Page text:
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Discussion Starter #1
Here it is all set up for backroads touring. I put 15,400 miles on it the first year of ownership. That mileage includes 16 states.





Accessories I have added to the bike.

Kawasaki Vario windscreen
Kawasaki Hand Guards
Kawasaki Color Matched Hand Guard shells
Kawasaki Heated Grips
Kawasaki 12V accessory outlet
Kawasaki Tank pad
Fender Extender
Evotech Radiator Guard
SW Motech running light brackets
Denali D1 LED Running Lights
SW Motech GPS mount
RAM GPS Cradle
Garmin Nuvi 765T GPS
Terry Adcox Custom seat
SW Motech Engine Guards
SW Motech Highway Pegs
Kawasaki V35 mounting brackets
GIVI V35 Saddlebags
Kawasaki Color match panel for GIVI V35 saddlebags
Admorelighting LED lights for V35 saddlebags
Pyramid rear Hugger
Wired for heated gear
Second 12V accessory outlet under the seat
 

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Looks fantastic!
I think the only thing I would change if I owned the bike would be to have the givi e21 saddlebags instead.
So that I'm still able to split lanes in city traffic...

Oh, and add a centerstand.
 

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No centerstands that I'm aware of available for the Versys or Ninja... You get used to not having one actually...


That being said, I've never ridden a Versys. I think I would really like it. Honestly, I think Karla would love riding one so much she wouldn't be happy with anything else.

The Versys will dip into our price range in another few years, hopefully about the time Karla is ready to "upgrade."
 

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No centerstands! That sucks! :laugh:

I think I've seen some first generation Versys priced pretty low on Craiglist.
Of course, you know ....winter time is the best time to buy.
Although, first gen Versys are supposed to be more "vibey" than the 2nd gen Versys
But it is all relative...
 

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Discussion Starter #5
The only hassle about not having a center stand is lubing the chain on a trip. At home you just pop it up on the paddock stand so no issues. On a trip you have to move the bike to expose the part of the chain you want to lube, or have a buddy pull the bike up on the sidestand so you can rotate the wheel and lube the chain. It was a hassle during my big ride this past summer. Made me thing about shaft drive adventure bikes.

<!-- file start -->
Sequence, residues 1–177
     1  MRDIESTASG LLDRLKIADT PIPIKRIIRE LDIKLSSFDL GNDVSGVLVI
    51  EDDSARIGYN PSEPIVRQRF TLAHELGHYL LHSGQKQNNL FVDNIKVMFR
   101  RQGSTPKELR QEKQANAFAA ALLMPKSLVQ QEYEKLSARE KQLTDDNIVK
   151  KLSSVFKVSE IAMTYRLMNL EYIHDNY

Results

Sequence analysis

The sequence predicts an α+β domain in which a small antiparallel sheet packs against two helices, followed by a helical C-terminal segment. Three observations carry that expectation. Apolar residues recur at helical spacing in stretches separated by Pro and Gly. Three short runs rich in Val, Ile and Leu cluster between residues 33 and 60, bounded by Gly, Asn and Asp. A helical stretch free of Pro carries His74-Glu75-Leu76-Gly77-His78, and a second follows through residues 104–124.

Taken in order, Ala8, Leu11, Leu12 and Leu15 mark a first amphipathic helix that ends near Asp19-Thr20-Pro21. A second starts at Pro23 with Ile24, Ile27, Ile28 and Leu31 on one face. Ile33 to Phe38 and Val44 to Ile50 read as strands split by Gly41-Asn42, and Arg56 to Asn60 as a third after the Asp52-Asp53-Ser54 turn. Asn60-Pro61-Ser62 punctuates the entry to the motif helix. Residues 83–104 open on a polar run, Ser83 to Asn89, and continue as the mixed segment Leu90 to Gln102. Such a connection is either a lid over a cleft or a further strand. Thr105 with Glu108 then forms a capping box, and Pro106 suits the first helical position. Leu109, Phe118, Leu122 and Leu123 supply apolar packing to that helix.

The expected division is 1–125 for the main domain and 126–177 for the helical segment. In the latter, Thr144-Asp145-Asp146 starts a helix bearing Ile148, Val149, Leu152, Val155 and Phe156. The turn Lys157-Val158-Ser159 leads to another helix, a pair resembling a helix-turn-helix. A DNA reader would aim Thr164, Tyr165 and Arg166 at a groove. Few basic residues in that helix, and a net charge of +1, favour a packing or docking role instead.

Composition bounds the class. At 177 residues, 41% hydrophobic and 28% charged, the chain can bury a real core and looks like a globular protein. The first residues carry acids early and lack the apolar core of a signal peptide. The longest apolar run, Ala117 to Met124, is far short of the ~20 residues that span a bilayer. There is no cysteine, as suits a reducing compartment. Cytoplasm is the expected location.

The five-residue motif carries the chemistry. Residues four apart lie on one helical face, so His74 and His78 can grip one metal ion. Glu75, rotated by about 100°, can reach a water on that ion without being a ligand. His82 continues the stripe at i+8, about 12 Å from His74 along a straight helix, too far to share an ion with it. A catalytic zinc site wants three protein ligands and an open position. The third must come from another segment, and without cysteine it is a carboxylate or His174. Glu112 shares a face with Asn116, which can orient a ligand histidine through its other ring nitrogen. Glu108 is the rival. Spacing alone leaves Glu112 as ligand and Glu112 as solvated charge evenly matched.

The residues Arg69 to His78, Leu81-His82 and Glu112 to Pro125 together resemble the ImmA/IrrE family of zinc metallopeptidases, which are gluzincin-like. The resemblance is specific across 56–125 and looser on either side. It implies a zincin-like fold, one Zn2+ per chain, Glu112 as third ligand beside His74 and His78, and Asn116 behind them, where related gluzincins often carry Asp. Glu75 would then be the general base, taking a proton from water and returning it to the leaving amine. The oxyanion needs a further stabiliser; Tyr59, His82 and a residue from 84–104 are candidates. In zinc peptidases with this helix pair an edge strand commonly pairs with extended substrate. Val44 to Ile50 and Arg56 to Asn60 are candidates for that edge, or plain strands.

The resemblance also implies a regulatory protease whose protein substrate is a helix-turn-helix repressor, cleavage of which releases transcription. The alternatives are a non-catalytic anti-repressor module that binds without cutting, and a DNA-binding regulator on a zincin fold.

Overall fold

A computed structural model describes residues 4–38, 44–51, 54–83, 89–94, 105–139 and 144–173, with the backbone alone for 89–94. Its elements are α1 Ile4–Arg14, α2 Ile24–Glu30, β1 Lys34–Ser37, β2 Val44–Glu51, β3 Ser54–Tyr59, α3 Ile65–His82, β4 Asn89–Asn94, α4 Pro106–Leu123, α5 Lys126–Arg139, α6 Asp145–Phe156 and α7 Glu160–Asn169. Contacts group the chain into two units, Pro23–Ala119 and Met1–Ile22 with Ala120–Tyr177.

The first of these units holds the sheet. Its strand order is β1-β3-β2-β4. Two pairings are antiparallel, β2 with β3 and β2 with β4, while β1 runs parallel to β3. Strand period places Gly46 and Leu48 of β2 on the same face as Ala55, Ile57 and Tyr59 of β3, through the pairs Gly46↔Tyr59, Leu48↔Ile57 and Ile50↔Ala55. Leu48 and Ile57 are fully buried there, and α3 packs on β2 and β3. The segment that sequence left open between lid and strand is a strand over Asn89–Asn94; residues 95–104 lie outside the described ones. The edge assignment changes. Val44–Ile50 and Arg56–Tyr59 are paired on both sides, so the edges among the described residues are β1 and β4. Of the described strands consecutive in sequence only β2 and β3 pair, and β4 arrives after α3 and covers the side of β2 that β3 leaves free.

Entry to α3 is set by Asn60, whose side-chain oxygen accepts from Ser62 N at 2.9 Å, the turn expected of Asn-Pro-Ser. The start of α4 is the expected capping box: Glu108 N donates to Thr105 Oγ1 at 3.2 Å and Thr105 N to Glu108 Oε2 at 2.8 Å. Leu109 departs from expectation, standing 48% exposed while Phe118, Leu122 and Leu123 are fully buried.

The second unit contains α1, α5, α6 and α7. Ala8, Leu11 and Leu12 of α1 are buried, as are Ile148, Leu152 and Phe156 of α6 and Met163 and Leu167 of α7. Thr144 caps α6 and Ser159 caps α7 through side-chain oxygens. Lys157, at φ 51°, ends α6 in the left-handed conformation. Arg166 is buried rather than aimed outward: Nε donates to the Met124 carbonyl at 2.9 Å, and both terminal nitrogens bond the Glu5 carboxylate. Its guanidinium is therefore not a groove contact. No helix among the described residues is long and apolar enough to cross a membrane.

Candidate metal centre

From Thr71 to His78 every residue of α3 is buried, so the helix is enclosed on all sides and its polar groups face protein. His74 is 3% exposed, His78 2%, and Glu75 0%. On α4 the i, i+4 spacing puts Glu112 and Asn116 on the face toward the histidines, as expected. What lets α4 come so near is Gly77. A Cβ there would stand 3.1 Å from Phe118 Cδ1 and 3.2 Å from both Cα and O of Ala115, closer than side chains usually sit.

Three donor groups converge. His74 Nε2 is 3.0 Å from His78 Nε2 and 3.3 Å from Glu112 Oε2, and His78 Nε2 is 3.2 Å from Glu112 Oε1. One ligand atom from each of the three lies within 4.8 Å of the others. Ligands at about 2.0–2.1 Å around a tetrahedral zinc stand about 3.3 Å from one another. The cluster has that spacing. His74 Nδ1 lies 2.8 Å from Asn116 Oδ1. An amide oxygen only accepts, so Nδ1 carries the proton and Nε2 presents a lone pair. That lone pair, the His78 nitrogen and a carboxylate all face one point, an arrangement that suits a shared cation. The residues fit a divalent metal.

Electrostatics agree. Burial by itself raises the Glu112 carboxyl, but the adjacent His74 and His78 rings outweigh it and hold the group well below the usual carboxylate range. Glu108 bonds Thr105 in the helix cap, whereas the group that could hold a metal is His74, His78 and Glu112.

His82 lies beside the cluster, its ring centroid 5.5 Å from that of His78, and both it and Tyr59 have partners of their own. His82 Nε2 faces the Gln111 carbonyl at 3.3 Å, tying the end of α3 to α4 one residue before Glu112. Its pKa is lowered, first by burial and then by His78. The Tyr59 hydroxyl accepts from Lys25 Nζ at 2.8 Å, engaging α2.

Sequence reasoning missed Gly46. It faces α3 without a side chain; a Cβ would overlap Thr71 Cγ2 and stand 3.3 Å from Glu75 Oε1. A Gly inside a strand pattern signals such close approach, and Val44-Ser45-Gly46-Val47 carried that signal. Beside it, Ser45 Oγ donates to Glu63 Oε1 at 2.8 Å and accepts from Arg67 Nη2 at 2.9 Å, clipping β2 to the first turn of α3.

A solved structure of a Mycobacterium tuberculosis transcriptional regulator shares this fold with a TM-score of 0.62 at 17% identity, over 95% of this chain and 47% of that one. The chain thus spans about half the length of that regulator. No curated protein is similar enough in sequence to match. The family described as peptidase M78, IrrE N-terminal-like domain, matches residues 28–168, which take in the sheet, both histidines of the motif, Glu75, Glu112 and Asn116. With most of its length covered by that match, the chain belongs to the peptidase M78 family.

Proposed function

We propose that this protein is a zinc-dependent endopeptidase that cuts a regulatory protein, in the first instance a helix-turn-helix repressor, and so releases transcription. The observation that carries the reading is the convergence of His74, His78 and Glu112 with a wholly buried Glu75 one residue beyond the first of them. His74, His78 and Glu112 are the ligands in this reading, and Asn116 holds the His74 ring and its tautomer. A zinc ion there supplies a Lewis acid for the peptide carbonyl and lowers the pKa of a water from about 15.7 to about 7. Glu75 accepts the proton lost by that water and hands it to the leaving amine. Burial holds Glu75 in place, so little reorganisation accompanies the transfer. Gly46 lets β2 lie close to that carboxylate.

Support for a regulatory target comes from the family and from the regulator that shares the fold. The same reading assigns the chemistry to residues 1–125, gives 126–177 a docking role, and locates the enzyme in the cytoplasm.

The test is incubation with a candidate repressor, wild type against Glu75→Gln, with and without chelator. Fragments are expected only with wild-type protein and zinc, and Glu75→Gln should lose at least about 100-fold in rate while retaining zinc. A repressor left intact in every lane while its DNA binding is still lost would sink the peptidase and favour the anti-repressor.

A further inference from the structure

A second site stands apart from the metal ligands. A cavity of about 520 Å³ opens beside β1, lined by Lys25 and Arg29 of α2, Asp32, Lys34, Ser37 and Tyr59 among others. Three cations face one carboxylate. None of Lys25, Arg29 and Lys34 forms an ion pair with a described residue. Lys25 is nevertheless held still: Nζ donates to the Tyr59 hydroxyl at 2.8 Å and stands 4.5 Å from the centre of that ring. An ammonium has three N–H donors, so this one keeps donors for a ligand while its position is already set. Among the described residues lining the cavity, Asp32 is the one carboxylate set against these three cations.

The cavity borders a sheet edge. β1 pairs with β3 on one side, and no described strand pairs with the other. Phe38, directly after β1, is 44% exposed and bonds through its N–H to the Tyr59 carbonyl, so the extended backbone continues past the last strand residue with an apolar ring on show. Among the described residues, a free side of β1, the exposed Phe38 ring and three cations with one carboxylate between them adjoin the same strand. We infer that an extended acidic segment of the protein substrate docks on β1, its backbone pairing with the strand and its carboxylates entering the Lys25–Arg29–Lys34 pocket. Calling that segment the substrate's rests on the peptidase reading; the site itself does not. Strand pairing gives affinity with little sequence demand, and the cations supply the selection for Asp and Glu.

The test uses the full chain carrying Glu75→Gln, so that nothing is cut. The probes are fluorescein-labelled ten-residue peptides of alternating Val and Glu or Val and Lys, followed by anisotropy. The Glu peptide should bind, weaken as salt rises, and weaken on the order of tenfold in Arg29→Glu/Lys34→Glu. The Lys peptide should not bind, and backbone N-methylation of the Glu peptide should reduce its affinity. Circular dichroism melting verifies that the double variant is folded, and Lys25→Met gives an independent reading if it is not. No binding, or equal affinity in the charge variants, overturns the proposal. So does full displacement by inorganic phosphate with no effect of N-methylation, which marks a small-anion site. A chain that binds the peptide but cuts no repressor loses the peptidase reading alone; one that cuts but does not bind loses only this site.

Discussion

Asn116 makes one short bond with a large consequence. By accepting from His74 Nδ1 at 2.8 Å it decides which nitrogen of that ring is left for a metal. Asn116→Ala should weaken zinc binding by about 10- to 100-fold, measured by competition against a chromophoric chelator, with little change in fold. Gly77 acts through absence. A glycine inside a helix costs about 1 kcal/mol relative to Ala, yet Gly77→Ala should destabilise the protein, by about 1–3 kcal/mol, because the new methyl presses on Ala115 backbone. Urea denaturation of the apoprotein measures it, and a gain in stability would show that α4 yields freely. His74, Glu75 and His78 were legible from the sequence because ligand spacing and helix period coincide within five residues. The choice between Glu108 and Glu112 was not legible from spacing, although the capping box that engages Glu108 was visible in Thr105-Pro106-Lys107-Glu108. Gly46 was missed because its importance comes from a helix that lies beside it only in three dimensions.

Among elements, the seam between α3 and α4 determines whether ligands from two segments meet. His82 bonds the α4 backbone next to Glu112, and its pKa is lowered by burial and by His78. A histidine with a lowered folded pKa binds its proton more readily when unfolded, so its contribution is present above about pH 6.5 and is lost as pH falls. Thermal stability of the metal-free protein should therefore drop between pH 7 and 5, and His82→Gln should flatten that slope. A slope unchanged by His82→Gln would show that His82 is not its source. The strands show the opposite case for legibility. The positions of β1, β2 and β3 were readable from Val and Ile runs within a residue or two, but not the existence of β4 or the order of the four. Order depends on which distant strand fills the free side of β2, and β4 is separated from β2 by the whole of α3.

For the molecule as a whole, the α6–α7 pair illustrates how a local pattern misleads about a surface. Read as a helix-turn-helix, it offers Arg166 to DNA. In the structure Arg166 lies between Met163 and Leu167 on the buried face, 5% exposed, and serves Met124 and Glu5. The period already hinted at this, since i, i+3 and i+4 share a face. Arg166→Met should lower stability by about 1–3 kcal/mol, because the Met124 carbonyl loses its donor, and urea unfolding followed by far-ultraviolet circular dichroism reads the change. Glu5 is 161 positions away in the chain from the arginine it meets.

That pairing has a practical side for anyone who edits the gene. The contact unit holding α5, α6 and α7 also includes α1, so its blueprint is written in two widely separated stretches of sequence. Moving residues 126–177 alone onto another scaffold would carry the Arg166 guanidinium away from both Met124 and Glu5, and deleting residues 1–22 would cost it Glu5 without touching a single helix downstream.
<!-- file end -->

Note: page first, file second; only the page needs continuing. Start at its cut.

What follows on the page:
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The only hassle about not having a center stand is lubing the chain on a trip.
May I recommend you pick up a PackJack? It takes a little bit to get the hang of it, and you can't be on concrete, but I love mine.
 

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PHP:
May I recommend you pick up a PackJack? It takes a little bit to get the hang of it, and you can't be on concrete, but I love mine.
Or if you're cheap like me you could use a piece of 1X2 or 1X3. The Versys (as well as the 650R and ER6N) are light enough, you can easily tip the rear of the bike and prop it up with a piece of scrap lumber. Of course I wouldn't recommend taking the wheel off or anything crazy like that.
 

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I couldn't get the lumber trick to work reliably, especially on different surfaces while fully loaded. :-( User error I'm sure!
 

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I love your set up, and am very jealous you are able to ride it that much. I'm currently "in the market" for a Versys, and wish I could find one with (at least) a couple of the farkles, for a decent price but no luck so far. I'm tempted to buy a new 2011 (it's actually the same color as yours) for $6499, but HATE buying new bikes.
 

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The only hassle about not having a center stand is lubing the chain on a trip. At home you just pop it up on the paddock stand so no issues. On a trip you have to move the bike to expose the part of the chain you want to lube, or have a buddy pull the bike up on the sidestand so you can rotate the wheel and lube the chain. It was a hassle during my big ride this past summer. Made me thing about shaft drive adventure bikes.
Does the Concours have a shaft drive?

I've found the centerstand quite useful when filling up at gas stations. With the centerstand, it is easy to fill it right to the lip of the tank and max out the range on the bike for each tank. Also useful in checking my engine oil level while on the road. Air cooled bikes have some tendency to burn some oil. I've also found it very useful when working on the bike at home since I have no garage in my apartment building and just don't have the space for additional motorcycle stands.
 

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I have installed a vacuum based auto chain lubing system (in short, scottoiler) hence, no issue about lubing chain on the road.
 

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Discussion Starter #14
Some additional photos of the bike for those who have been asking.






Older windshield below. Like the adjustability of the Vario better.


Close up of the Denali lights, SW Motech mounts, and Radiator Guard
 

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I have an '09 Versys with 16k miles, but I don't like the Tupperware buzz. The high rev nature of the bike makes it a poor candidate for fairings.
 

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Discussion Starter #16
I have an '09 Versys with 16k miles, but I don't like the Tupperware buzz. The high rev nature of the bike makes it a poor candidate for fairings.
There are ways to address the buzzing plastics on the first gen bikes. The hard part is isolating where the buzzing is emanating from.
 
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